A: Yes. The organizational meeting is held in two parts: the final meeting of the outgoing board and the organizational meeting of the new board. The outgoing board votes on unfinished business, including settling the books for the previous year.

Q: The board secretary has a scheduling conflict and cannot attend the organizational meeting. Who can administer the oath of office to new board members?

A: IASB sample policy indicates that another board member can administer the oath of office. It is also addressed in Iowa Code 277.28.

Q: When we are voting to elect officers, does the final tally need to include the number of total votes for the nominee and how each board member voted?
A: Yes, according to the Iowa Open Meetings Law, “the minutes shall show the results of each vote taken and information sufficient to indicate the vote of each member present."

Conflicts of Interest

Q: What constitutes a conflict of interest for a board member?
A: Certain conflicts of interest are identified in federal law, state law and board policy. Iowa law sets parameters limiting compensation from the district; prohibiting being an agent of a textbook or school supply company selling to the school district; and prohibiting also serving as a statewide official or state legislator. In addition, Iowa law prohibits school board members from accepting gifts or honoraria, with some exemptions.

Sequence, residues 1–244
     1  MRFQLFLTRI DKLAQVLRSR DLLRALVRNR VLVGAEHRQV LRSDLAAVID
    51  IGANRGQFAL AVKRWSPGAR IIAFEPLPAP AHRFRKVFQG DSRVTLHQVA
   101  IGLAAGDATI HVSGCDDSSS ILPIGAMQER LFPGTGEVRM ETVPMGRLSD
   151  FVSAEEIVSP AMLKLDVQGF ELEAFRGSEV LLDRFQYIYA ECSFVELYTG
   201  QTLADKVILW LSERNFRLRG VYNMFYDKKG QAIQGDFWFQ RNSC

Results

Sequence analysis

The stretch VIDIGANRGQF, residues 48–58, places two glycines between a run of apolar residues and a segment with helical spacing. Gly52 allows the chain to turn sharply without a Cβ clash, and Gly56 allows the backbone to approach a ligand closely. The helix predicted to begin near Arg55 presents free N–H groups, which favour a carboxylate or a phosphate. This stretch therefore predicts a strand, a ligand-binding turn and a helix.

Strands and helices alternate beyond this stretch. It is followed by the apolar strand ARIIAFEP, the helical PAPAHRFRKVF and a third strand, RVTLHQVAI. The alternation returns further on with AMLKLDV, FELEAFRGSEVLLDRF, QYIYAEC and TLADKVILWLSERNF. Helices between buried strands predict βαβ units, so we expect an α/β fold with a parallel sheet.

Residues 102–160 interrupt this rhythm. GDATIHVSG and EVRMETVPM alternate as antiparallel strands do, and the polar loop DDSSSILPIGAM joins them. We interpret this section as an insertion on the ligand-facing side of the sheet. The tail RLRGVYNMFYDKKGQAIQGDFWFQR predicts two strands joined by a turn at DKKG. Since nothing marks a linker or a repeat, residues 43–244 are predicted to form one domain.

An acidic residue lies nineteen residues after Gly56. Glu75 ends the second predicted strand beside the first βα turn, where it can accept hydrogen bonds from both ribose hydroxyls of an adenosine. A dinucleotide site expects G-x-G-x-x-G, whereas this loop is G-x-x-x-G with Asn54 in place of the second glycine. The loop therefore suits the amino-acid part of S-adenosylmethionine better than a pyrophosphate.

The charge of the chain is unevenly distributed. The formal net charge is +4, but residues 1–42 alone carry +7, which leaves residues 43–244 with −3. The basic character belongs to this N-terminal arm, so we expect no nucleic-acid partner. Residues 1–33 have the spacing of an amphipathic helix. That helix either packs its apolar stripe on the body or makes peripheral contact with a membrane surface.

Q: Can a district employee serve on the school board?
A: If elected, a school employee earning more than $2,500 per fiscal year from the school district would have to resign the position before serving on the school board. Iowa law prohibits board members from earning more than $2,500 in direct compensation from a school district per fiscal year for part-time or temporary employment.

Q: Is it a conflict of interest if a school employee’s spouse serves on the school board?

A: No. Iowa law does not prohibit a school employee’s spouse from serving on the school board.

Q: Can family members, including spouses, serve on the school board together?
A: Iowa law does not prohibit family members from serving on the same school board.

Q: Can a former school employee serve on the school board if they are receiving retirement/benefits compensation from the district?